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Bring your spouse: Brief multifamily group outcome for posttraumatic stress disorder

APA Citation:

Elder, W. B., Rochester, N. K., Rentz, T. O., & Auster, T. L. (2022). Bring your spouse: Brief multifamily group outcome for posttraumatic stress disorder. Psychological Trauma: Theory, Research, Practice, and Policy. Advance online publication. https://doi.org/10.1037/tra0001287

Abstract Created by REACH:

This study examined a treatment for posttraumatic stress disorder (PTSD) adapted from the Reaching out to Educate and Assist Caring Healthy Families (REACH) program. The adapted program, PTSD 102, is a weekly, 60-minute, group-based psychoeducation treatment for PTSD. Enrolled Veterans were encouraged to attend with a family member or friend who might provide emotional support during treatment. 101 Veterans completed questionnaires on PTSD symptoms, depressive symptoms, and demographics (e.g., race, years of service) before and immediately following the 8 sessions. Overall, PTSD symptoms decreased immediately following the program.


Mental health

Branch of Service:

Multiple branches

Military Affiliation:


Subject Affiliation:

Spouse of service member or veteran


Young adulthood (18 - 29 yrs)
Adulthood (18 yrs & older)
Thirties (30 - 39 yrs)
Middle age (40 - 64 yrs)


Longitudinal Study
Quantitative Study


Elder, William B., Rochester, Natalie K., Rentz, Timothy O., Auster, Tracey L.


OBJECTIVE: There has been little evidence supporting the efficacy of psychoeducation as a stand-alone approach to alleviate posttraumatic stress disorder (PTSD). This study examined the efficacy of a stand-alone psychoeducation PTSD intervention using a group format that incorporated the option of bringing an emotional support person to sessions. METHOD: PTSD 102 is an eight-session, 1-hr, weekly intervention for veterans and their family members. Pre- and posttreatment symptom measurement data were analyzed from 101 veteran men and women seeking outpatient treatment in a PTSD Clinical Team clinic at a Veteran Health care outpatient facility. RESULTS: Paired-samples t tests were performed, which demonstrated a significant difference in the scores for pretreatment PTSD symptoms (M = 55.049, SD = 14.585) and posttreatment scores (M = 45.696, SD = 17.814); t(100) = 8.496, p < .001. The effect size was d = .843. Additionally, there was a significant difference in the scores for pretreatment depressive symptoms (M = 17.000, SD = 6.183) and posttreatment scores (M = 13.608, SD = 6.229); t(89) = 7.106, p < .001. The effect size was d = .749. CONCLUSIONS: Results from this study suggest that integrating emotional support individuals into a psychoeducational PTSD treatment group had a significant impact on mental health symptoms for veteran participants.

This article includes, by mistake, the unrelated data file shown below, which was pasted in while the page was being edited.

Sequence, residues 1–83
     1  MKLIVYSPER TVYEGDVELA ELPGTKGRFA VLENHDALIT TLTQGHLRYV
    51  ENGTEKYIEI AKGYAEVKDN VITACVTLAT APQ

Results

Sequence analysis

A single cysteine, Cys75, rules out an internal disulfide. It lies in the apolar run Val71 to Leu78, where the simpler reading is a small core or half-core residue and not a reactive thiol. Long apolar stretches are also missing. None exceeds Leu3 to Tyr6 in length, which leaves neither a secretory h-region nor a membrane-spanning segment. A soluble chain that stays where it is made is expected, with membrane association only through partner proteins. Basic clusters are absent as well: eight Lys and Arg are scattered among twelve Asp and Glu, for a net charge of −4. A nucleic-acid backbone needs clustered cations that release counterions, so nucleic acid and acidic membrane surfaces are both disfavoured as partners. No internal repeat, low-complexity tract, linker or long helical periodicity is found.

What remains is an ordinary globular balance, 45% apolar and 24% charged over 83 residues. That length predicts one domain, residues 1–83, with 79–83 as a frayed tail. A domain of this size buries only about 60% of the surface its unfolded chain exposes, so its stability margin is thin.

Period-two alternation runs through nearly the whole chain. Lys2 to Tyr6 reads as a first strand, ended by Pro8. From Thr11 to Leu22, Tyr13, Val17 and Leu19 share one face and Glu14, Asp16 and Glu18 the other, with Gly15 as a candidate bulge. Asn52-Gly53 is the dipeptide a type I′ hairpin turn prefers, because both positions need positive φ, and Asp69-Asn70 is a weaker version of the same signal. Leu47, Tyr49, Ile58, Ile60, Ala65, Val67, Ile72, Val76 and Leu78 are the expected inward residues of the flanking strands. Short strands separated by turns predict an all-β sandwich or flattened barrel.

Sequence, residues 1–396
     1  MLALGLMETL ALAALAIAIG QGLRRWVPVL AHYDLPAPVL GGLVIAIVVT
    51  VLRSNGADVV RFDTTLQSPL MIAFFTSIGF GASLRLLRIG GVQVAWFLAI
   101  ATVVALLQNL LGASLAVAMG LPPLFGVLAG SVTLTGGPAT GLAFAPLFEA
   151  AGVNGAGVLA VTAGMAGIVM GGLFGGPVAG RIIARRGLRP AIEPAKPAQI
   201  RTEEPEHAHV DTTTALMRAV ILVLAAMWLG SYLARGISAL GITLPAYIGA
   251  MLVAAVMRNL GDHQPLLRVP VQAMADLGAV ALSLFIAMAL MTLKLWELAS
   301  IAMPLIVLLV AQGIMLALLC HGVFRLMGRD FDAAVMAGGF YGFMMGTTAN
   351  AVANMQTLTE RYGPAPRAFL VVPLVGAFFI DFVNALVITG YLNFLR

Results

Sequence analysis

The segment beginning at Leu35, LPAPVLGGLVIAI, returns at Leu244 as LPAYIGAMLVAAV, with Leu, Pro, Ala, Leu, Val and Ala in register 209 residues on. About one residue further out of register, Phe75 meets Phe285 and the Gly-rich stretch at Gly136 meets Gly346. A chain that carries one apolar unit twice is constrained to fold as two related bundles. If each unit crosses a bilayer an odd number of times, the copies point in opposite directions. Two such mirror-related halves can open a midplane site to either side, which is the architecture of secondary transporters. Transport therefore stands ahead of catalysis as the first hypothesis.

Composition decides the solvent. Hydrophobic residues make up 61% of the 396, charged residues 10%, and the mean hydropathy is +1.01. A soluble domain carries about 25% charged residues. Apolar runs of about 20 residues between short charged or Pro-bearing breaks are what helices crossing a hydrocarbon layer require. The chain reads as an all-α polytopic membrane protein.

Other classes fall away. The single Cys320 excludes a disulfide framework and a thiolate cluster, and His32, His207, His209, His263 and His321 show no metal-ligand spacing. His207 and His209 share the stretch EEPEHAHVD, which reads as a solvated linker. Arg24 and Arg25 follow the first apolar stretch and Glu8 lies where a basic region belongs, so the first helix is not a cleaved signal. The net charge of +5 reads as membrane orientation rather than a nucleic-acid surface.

Publisher/Sponsoring Organization:

American Psychological Association

Publication Type:

REACH Publication

Author Affiliation:

South Texas Veterans Health Care System, WBE
South Texas Veterans Health Care System, TOR
South Texas Veterans Health Care System, TLA
Michael E. DeBakey Veteran Health Care System, NKR


PTSD, family therapy, group therapy

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REACH Publication Type:

Research Summary

REACH Newsletter:

  November 2022

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